The title of this post is the name of a documentary that is slowing being released across the United States. Unfortunately, it appears it won't be making its way in my direction so I will have to reserve it in my Netflix cue and hope it gets released to DVD soon. The documentary tells a brave story, one that many are hesitant to tell, but it's important that we look behind the curtain.
Pink ribbons. We see them everywhere and are told they are part of the search for the cure. But are they really? It's politically incorrect to even question those ribbons. Questioning the ribbons is almost like questioning breast cancer survivors as the two have become so entwined. However, for a while now, I've questioned the story behind the ribbons and the documentary seems to be confirming my suspicions.
Pink ribbons don't cure anything. Using them to create "awareness" is meaningless. All they do is create more profits for companies whose products sport them. And, as this article from Salon points out, the funding that actually does go to find the "cure" supports the status quo of treatments, treatments that aren't really cures but are programs that bolster profits of pharmaceutical and other medical treatment businesses. (For those of you who might think I'm being callous, ALL of my biological aunts have had breast cancer, I lost a dear friend - who was technically a "success" as she survived past her 5 years - to the disease, and an old friend of mine underwent a double mastectomy several years ago.)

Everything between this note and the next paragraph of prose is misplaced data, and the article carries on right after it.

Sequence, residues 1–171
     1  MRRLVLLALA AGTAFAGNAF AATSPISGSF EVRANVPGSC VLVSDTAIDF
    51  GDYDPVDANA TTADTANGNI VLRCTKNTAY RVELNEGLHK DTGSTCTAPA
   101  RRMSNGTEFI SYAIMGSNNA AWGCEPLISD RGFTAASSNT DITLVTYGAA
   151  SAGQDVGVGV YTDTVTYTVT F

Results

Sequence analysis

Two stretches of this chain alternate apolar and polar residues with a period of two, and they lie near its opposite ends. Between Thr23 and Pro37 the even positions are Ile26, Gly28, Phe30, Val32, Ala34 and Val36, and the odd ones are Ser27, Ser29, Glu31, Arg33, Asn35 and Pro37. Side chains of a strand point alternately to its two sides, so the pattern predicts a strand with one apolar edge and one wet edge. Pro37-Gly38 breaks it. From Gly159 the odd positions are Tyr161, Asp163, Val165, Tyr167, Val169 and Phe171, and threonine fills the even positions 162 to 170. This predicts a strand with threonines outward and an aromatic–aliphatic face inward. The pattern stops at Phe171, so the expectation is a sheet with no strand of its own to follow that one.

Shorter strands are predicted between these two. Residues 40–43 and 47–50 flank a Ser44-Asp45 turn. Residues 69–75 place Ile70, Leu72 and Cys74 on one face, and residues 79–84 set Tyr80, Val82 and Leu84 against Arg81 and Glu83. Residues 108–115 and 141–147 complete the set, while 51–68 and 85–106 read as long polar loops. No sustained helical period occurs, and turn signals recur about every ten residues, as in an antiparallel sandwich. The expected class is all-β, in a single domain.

In order to find a cure, there must be an understanding of the cause. When companies that sell products under the banner of the pink ribbon include, in those very same products, chemicals that are known carcinogens, there seems to be a terrible conflict of interest.
The Salon article links to an article by well-known social justice author and breast cancer survivor Barbara Ehrenreich. In this article Barbara reinforces my identity as a feminist when she states, "the feminists want a cure, but they even more ardently demand to know the cause or causes of the disease without which we will never have any means of prevention." She continues: "suspicion should focus on environmental carcinogens, the feminists argue, such as plastics, pesticides...and the industrial runoff in our ground water. No carcinogen has been linked definitely to human breast cancer yet, but many have been found to cause the disease in mice, and the inexorable increase of the disease in industrialized nations." Isn't prevention so much better than finding a "cure" through new expensive and toxic treatments that increase the profits of large corporations?
Why do individuals not realize that buying things isn't activism? And it's definitely not a cure. Read Ehrenreich's article and watch the movie trailer. Then tell me what you think: